98. Atom Bomb and Ahimsa
  99. A Fair Hit
  100. Louis Fischer's Interview
  101. Jews and Palestine
  102. Criminals and Non-violence
  103. Thieving
  104. Nature Cure for Criminals
  105. Honest Business
  106. Compensation for Murder
  107. Heal Thyself
  108. Congress Ministers and Non-violence
  109. Do Not Eliminate Truth and Non-violence
  110. Excessive Praise
  111. Why Armies?
  112. Outside His Field
  113. Women's Ordeal
  114. A Woman's Dilemma
  115. The Travail
  116. The Call
  117. Bad News From Bihar
  118. To Bihar
  119. A Challenge To Faith
  120. A Venture In Faith
  121. The Purpose of The Tour
  122. The Modern Buddha?
  123. On Trusteeship
  124. With A Landholder
  125. Reduction of Landlord's Share
  126. Intellectual and Manual Work
  127. Some Important Questions
  128. Important Questions
  129. Question Box
  130. Military Training
  131. Non-resistance
  132. The Aim of Life
  133. The Message of Asia
  134. Advice To Sind Hindus
  135. How To Combat Himsa?
  136. Weapon of The Brave
  137. Non-violence of The Brave
  138. Rights and Duties?
  139. Who Is A Socialist?
  140. The Root Cause of Partition
  141. The Fundamental Difference
  142. Secular
  143. Non-violence and Free India
  144. How To save The Cow?
  145. Non-violent Labour As Magnet
  146. Press Statement
  147. The Fast
  148. Why Fast?
  149. Curb Anger
  150. Passive Resistance versus Non-violence
  151. Working of Ahimsa
  152. Firm on Non-violence
  153. Death - Courageous or Cowardly
  154. No Limitations
  155. My Fast As A Protest
  156. The Breaking of The Fast
  157. From The Last Post-Prayer Speeches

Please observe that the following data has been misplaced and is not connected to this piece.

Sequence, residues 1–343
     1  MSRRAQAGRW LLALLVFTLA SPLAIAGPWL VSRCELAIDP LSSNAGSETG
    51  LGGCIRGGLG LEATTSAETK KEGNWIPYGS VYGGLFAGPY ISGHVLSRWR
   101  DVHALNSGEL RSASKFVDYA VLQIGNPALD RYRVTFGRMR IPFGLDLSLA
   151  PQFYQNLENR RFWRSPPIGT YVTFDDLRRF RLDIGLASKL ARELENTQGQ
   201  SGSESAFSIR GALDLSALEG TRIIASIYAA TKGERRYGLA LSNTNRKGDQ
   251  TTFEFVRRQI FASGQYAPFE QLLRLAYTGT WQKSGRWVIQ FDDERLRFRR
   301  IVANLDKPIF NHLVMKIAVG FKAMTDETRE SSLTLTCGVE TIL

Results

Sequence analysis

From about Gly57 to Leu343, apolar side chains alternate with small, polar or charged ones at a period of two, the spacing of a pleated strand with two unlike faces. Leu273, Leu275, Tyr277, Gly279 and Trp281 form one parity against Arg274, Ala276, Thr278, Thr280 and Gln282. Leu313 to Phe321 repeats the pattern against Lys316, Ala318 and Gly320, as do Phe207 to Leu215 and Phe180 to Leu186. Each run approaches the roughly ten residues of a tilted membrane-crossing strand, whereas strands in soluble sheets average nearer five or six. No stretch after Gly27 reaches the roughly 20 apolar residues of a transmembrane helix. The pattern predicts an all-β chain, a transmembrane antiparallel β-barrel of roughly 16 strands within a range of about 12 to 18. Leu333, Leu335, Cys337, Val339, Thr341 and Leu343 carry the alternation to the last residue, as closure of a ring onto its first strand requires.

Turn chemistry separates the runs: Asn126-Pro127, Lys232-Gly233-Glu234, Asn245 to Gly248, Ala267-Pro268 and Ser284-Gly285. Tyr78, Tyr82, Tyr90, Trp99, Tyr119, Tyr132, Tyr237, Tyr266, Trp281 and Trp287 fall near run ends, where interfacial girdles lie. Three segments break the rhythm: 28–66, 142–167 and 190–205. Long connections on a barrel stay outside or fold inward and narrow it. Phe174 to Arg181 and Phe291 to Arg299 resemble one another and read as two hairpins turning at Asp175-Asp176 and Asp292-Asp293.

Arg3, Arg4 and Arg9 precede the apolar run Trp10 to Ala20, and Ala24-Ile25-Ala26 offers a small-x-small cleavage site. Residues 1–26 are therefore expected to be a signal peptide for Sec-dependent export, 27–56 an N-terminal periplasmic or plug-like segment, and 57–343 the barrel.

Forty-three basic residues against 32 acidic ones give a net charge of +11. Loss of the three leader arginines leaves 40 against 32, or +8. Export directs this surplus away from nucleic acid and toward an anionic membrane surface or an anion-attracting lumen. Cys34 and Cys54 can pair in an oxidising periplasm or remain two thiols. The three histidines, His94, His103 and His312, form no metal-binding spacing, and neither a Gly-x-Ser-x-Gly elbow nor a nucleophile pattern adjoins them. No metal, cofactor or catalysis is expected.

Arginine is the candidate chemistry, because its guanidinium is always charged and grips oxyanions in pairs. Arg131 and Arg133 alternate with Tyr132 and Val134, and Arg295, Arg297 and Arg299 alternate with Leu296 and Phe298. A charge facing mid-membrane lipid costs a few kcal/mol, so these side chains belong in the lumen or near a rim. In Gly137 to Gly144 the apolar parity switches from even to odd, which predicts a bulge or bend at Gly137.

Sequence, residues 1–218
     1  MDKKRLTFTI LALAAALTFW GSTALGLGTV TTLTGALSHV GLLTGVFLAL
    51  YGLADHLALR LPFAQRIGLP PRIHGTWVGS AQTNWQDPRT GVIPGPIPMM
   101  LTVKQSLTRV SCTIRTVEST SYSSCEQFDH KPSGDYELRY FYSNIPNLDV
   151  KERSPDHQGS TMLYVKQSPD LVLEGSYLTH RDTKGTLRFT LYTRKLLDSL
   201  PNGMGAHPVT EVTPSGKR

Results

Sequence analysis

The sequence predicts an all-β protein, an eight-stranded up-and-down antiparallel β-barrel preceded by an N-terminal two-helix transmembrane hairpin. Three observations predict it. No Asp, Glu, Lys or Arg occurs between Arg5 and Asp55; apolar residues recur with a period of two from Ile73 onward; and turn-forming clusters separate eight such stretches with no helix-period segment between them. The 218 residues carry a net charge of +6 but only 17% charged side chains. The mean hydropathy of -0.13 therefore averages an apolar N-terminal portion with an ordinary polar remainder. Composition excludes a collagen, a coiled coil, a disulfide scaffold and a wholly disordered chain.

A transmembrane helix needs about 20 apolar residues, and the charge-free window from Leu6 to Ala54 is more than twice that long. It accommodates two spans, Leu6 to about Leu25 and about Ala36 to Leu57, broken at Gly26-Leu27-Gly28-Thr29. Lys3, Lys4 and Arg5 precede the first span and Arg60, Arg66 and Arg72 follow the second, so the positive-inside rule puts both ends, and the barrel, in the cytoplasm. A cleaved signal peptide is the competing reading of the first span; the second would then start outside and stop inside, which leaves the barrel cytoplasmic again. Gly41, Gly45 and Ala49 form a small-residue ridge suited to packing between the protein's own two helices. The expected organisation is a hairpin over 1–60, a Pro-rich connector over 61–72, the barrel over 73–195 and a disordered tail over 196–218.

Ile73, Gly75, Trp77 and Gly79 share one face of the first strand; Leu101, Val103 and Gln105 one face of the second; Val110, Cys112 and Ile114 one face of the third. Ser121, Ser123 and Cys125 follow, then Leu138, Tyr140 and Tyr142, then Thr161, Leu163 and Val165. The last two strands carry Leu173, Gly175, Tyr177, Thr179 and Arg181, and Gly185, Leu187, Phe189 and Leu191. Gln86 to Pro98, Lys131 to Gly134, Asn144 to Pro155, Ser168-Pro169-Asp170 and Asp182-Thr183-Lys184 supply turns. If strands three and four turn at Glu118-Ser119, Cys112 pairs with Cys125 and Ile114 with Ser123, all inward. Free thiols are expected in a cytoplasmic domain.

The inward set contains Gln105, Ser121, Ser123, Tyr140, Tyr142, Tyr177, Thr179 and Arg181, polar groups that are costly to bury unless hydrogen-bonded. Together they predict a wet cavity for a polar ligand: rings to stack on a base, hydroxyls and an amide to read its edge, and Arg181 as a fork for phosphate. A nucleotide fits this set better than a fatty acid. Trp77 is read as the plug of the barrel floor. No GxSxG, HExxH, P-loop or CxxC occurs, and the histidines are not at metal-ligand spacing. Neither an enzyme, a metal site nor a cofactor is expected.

158. His Last Will and Testament

About This Book

Written by : M. K. Gandhi
Compiled and Edited by : Sailesh Kumar Bandopadhyaya
First Edition : 3,000 copies, November 1960
ISBN : 81-7229-223-6
Printed and Published by : Navajivan Mudranalaya,
© Navajivan Trust, 1960


Chapter 140: The Root Cause of Partition

Many people come to Gandhiji and express their dissatisfaction over the partition of India. They know that Gandhiji has always been opposed to it. Why does he not give tangible form to his opposition? they ask. It is wrong for him to say that he is a spent bullet or that the country is not behind him. "Give us the lead and you will see for yourself whether the country is behind you or not." Gandhiji is sometimes amused by such talk. Against whom is he to give the lead? It was not the British who had partitioned the country. It had been done with the consent of the Congress howsoever reluctantly. There was only one way to avoid the calamity and that was by the non-violence of the brave. But how could the people develop it overnight? Talking to some friends on this subject he said that the leaders had agreed to the partition as the last resort. They did not feel that they had made a mistake. Rather than let the whole country go to the dogs, they agreed to the partition, hoping to give the country a much needed rest. He felt differently. He had said that he would rather let the whole country be reduced to ashes than yield an inch to violence. But non-violence was his creed. It was not so with the Congress. The Congress had accepted non-violence as a policy. Badshah Khan was the only leader who believed in non-violence as a creed. Even he had not imbibed the doctrine through and through.